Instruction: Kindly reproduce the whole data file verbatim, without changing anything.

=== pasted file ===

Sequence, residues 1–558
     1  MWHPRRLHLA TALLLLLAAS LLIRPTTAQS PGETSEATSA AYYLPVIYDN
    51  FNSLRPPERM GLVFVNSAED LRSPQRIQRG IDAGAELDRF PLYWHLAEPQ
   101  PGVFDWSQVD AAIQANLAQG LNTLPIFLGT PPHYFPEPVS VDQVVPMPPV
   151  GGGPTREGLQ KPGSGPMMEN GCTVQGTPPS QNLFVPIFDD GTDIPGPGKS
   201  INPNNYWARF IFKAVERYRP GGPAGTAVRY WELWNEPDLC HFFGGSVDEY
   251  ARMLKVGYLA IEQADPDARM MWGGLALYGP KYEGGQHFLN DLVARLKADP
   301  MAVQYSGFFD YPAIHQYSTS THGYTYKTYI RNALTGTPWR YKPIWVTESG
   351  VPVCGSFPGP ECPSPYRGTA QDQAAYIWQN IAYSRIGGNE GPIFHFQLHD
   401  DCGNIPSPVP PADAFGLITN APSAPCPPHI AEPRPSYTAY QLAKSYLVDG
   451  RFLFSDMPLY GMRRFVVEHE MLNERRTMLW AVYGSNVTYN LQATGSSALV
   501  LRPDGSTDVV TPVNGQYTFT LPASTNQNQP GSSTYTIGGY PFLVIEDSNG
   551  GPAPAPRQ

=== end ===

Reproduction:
Sequence, residues 1–558
     1  MWHPRRLHLA TALLLLLAAS LLIRPTTAQS PGETSEATSA AYYLPVIYDN
    51  FNSLRPPERM GLVFVNSAED LRSPQRIQRG IDAGAELDRF PLYWHLAEPQ
   101  PGVFDWSQVD AAIQANLAQG LNTLPIFLGT PPHYFPEPVS VDQVVPMPPV
   151  GGGPTREGLQ KPGSGPMMEN GCTVQGTPPS QNLFVPIFDD GTDIPGPGKS
   201  INPNNYWARF IFKAVERYRP GGPAGTAVRY WELWNEPDLC HFFGGSVDEY
   251  ARMLKVGYLA IEQADPDARM MWGGLALYGP KYEGGQHFLN DLVARLKADP
   301  MAVQYSGFFD YPAIHQYSTS THGYTYKTYI RNALTGTPWR YKPIWVTESG
   351  VPVCGSFPGP ECPSPYRGTA QDQAAYIWQN IAYSRIGGNE GPIFHFQLHD
   401  DCGNIPSPVP PADAFGLITN APSAPCPPHI AEPRPSYTAY QLAKSYLVDG
   451  RFLFSDMPLY GMRRFVVEHE MLNERRTMLW AVYGSNVTYN LQATGSSALV
   501  LRPDGSTDVV TPVNGQYTFT LPASTNQNQP GSSTYTIGGY PFLVIEDSNG
   551  GPAPAPRQ